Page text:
Trump World Grab-Bag--A Collection

Sunday, August 10, 2008

I finally saw The Dark Knight--and Heath Ledger tore it up.



If someone led me blindfolded to the theater, and then let me suffer through the trailers and the DC and Legendary films logos, and just let me open my eyes on the first scenes of this movie--I'd have been hating from the jump. Heights. Clowns. There are some things I am not comfortable with--and heights and clowns are but two. I also am uncomfortable with gross deformation--and I knew Harvey Dent was a main character.

This movie eclipses my phobias. This movie actually exceeded my expectations, which were pretty high. See, I expect certain things from superhero movies, or just summer action blockbusters in general--

Explosions.

Mild violence.

Satisfaction. The kind where you see a resolution, and you take it--fuck that.

Yes, pardon my language, but this movie does a lot more than just offer up explosions and action, violence and the old good v. evil line. This movie delves into what people fear most--sheer unpredictable anarchic chaos, and what heroism, symbolic and real, really mean. This movie returns to where Batman Begins left off, but make no mistake, this is as much the Joker's movie as it is Batman's.

Maybe more so.

The 1989 Batman featured Jack Nicholson as the Joker. He was almost polished but decidedly brutal and crazy but there was something almost suave in that characterizaton. You could imagine him smelling of greasepaint and maybe the carnation in his lapel. Heath Ledger's Joker smells of greasepaint, all right, and sweat and maybe the stink of his and your desperation combined, and a little bit of the pants-shitting smell of his last victim. He makes a pencil disappear in some guy's head. He has greasy hair and not any polish--just chaos and drive and that slap and suck in his speech that remind you of his scars. Which he explains--differently. A few times.

This is no pretty villian. What this movie created was a real monster--a scary psycopath that did what he did for no other reason than liking the effects. And he gives you enough of his rap that you know he's wrong--but you cannot help but watch the effects, and he makes you wonder why you watch.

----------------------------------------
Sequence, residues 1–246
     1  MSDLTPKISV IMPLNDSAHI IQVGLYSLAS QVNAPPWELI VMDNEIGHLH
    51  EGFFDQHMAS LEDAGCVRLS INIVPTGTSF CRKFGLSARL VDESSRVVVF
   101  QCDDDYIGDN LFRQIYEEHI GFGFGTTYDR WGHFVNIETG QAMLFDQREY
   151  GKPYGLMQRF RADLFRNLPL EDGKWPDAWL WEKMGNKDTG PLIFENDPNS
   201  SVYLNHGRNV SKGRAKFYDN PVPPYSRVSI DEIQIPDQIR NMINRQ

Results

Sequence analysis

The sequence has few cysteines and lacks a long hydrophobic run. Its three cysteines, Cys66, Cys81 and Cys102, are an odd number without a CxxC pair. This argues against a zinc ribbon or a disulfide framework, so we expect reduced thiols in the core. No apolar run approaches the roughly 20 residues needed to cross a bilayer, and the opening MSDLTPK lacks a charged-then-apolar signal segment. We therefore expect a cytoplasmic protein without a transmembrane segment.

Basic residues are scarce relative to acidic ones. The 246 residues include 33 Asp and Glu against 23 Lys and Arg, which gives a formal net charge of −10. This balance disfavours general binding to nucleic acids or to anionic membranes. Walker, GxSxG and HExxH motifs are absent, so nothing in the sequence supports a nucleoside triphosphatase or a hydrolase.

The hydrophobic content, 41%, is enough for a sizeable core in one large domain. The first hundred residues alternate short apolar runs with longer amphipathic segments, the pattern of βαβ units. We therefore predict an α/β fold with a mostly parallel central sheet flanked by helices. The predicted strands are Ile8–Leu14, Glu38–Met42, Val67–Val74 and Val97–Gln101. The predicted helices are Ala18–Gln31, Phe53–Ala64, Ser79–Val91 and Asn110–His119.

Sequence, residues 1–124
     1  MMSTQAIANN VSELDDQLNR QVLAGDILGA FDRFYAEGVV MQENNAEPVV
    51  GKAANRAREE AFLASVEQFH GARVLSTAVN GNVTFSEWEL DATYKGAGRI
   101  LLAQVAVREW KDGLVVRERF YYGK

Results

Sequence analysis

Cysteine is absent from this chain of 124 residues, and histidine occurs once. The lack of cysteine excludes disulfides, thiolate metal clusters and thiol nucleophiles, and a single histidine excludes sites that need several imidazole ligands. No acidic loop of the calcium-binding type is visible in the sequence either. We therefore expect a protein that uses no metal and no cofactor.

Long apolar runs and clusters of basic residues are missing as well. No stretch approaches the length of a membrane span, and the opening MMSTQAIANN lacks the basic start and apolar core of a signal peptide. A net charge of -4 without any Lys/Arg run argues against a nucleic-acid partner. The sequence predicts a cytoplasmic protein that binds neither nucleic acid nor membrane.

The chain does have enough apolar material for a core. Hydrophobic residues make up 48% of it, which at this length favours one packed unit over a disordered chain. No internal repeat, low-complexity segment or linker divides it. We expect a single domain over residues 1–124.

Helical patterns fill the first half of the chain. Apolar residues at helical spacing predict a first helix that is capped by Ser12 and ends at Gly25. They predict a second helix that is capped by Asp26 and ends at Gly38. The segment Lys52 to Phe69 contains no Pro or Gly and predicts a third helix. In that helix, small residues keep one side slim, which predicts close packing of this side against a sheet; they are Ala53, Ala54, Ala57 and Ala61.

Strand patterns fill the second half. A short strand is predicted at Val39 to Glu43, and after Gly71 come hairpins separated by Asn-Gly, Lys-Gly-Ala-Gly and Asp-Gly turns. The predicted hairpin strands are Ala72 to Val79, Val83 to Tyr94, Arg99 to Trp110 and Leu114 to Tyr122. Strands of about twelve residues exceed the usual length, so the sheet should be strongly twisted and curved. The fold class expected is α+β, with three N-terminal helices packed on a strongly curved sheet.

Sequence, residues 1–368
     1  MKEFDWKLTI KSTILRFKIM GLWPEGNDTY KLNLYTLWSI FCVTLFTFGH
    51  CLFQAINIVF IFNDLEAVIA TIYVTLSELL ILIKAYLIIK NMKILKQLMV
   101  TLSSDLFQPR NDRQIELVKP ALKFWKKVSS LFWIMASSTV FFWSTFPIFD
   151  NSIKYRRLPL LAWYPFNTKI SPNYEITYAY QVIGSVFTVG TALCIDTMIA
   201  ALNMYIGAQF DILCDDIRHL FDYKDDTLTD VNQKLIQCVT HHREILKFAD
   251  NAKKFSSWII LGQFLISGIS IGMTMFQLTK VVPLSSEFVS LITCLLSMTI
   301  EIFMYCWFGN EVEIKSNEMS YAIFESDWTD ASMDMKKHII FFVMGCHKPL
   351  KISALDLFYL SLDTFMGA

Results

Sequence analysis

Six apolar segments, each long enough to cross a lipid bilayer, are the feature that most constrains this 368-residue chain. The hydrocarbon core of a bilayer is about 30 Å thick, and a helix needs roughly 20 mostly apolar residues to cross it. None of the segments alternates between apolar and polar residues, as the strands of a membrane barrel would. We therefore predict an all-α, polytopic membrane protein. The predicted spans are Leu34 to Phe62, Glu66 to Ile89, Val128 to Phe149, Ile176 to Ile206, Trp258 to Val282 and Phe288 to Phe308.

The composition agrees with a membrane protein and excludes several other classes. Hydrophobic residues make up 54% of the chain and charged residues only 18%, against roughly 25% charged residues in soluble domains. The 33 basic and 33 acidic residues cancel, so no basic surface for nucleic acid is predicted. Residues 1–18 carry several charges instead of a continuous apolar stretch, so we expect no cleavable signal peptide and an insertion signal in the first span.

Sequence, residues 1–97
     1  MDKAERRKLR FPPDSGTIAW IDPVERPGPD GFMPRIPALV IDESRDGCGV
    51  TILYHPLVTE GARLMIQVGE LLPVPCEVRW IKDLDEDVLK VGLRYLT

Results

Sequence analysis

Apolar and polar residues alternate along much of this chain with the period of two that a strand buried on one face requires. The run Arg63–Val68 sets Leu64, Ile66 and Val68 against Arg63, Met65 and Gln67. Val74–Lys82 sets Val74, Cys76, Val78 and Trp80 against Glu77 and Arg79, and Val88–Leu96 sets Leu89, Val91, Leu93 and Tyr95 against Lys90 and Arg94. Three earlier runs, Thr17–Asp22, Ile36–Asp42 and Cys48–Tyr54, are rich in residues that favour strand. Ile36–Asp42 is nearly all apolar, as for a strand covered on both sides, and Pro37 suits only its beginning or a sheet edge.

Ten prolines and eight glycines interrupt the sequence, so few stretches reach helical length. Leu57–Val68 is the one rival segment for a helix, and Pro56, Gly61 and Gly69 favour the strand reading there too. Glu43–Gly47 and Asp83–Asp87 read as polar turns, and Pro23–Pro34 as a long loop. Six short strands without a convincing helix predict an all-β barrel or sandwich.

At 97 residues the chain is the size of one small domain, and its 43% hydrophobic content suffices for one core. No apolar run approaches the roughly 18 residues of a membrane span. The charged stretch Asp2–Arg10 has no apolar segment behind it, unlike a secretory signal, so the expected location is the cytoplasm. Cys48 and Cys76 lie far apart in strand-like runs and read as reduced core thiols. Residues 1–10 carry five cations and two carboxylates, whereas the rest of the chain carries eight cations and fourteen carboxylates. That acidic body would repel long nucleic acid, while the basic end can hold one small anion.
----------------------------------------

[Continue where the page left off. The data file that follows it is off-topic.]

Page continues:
The cops are corrupt in Gotham, and Lieutenant Gordon is doing all he can, and maybe up-and-coming DA Harvey Dent has some plans about how to put away their city's real malefactors. But really, it's always up to Batman--the guy who does the things regular people can't, or won't. Christian Bale's Batman is the protagonist, but he too, is cast as questionable--

Is he a law-breaking vigilante?

Does he overstep when he uses technology to spy on the whole city?

What rule, if any, does he live by?

And we find out. Morgan Freedman as Lucius Fox provides the wonderful toys to Bruce Wayne that he uses as Batman, but it's never exactly spelled out that he acknowledges that his employer is the Batman. He is ready to quit over the issue of privacy when asked to oversee a use of a sonar-like program using cellphones to spy on Gotham residents--but he understands the present danger.

Batman's steadfast rule is he won't kill--but Joker is a compelling argument for killing--a man unafraid to die, even daring him to kill him. And so long as he is alive, he promises more terror. Batman is ready to break many rules--but the Joker is outside of all rules. Bruce Wayne is tired, and torn--he loves Rachel (Maggie Gyllenhaal) but she loves Harvey Dent. And Dent promises to clean up Gotham--and Wayne believes in him. A lot. And if Dent cleans up Gotham, there will be no need for Batman, and maybe Wayne can live a normal life. But what about what Rachel wants?

The drawback, and I would say, the only one, to all this is Rachel--I don't mean to put down Maggie Gyllenhaal, but she isn't Katie Holmes. Her performance lacked some of the "girl-next-door" quality Holmes exudes in bunches, and was more mature--that she loved Dent better is clear--but maybe too clear. Bruce's hope that he has a future with her in a post-Batman world never really seems secure. I only think I noticed the differences between the actresses and how the part worked because I watched Batman Begins the night before.

But make no mistake--this is largely the Joker's movie. He drives the action, and Heath Ledger has created a villian, an unpredictable nutjob, a psycho, for the ages. There is a scene where Joker visits and taunts a recently-maimed and bereaved Harvey Dent, which fascinates as it repulses. It is dark--but compelling. (Oh, and the Two-Face make-up is awesome. realistic--scary.)

I can not recommend this movie highly enough. It makes me profoundly sad, though, that Ledger is gone. He tore this movie up. He killed as the Joker. He embodied one mad bad dangerous son of a bitch, and it was a joy to watch. A strange one--but then, "that which does not kill you--makes you stranger."

No comments: